Practical Reverse Engineering Exercise Solutions: Windows Kernel Routines
I am currently developing my reverse engineering skills and want to keep some important parts of this journey as well in this blog.
The first step of this series relates to disassembling Windows kernel routines, in my case Windows 7.
What are the prerequisites for this exercise?
- Ideally, install Windows inside a virtual machine
- From Windows Vista onwards, the Kernel debugging mode has to be enabled with:
bcdedit /debug on
- Install Debugging Tools for Windows (for example, as part of the Windows SDK - https://www.microsoft.com/en-us/download/details.aspx?id=3138 for Windows 7, which contains the Kernel Debugger (KD))
- Install LiveKD from the SysInternals Suite
- IMPORTANT: the livekd.exe file should be placed in the system32 folder
Notice that since we use LiveKD, we are essentially debugging the Kernel locally without a second system. With this approach, functions cannot be debugged as LiveKD uses a Kernel read-only memory dump as a basis.
If you have any questions to the usage of KD, the best resource available to my knowledge is the Windows help file included with the Windows SDK, debugger.chm. It contains a plethora of information and is especially helpful for the command line usage. Searching is possible by using the command .hh and the command you are interested in as an argument. For example, .hh uf would display the help menu for the uf command.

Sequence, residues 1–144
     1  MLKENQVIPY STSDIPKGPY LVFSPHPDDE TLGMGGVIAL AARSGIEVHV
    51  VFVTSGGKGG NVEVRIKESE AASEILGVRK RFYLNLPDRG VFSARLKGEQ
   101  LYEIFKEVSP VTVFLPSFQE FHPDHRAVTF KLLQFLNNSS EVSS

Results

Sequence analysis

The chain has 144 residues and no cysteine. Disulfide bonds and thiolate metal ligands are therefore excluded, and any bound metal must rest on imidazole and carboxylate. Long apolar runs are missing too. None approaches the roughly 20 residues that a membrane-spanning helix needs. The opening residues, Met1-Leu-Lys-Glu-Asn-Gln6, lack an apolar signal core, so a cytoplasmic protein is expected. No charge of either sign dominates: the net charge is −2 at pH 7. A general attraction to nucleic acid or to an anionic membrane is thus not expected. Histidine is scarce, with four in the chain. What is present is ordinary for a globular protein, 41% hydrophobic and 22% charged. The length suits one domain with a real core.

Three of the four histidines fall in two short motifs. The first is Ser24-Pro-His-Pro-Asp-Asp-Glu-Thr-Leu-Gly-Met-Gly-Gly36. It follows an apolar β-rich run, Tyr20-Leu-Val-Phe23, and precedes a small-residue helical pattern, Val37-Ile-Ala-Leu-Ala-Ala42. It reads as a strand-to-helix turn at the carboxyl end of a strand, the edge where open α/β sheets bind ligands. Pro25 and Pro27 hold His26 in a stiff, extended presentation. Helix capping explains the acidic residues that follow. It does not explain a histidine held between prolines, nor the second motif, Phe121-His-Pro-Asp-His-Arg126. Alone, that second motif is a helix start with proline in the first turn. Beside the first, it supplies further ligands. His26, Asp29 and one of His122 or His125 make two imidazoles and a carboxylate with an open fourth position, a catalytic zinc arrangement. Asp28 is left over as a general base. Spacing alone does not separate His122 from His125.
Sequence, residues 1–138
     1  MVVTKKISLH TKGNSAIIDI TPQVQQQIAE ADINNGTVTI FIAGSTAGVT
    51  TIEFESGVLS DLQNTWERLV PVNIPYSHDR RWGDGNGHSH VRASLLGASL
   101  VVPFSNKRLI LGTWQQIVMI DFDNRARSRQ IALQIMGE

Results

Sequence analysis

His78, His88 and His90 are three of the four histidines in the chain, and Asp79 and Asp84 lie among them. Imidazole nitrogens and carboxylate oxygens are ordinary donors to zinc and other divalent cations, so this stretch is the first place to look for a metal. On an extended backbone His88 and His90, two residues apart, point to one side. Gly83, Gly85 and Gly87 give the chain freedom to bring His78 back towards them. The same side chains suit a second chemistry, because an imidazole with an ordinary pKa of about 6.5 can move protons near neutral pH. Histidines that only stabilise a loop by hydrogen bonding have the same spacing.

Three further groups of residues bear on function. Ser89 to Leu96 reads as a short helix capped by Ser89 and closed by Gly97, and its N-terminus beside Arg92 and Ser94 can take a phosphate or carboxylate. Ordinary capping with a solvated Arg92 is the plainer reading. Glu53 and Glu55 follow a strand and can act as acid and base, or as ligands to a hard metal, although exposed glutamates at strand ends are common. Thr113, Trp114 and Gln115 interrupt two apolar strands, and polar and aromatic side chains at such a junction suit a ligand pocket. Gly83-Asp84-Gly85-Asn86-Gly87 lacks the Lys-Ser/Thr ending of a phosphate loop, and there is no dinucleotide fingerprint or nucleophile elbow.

In order to start the Kernel Debugger, open a command line prompt with administrative privileges and start the LiveKd executable, which will invoke the KD.exe included in the Windows SDK:
The Kernel Debugger has started successfully and we can proceed with our experiments.
Initially, we will disassemble the KeInitializeDpc Windows kernel routine, which is described in detail at: https://msdn.microsoft.com/en-us/library/windows/hardware/ff552130(v=vs.85).aspx
For obtaining the disassembly of this function, we will use the uf (unassemble function) command of the Kernel Debugger:
As mentioned on MSDN, the function transforms a (K)DPC object, which is
defined in the Windows kernel. The command for analyzing datatypes in KD
dt (display type).
I found two other blogs on the Internet that published their results as well. You should definitely have a look at them likewise: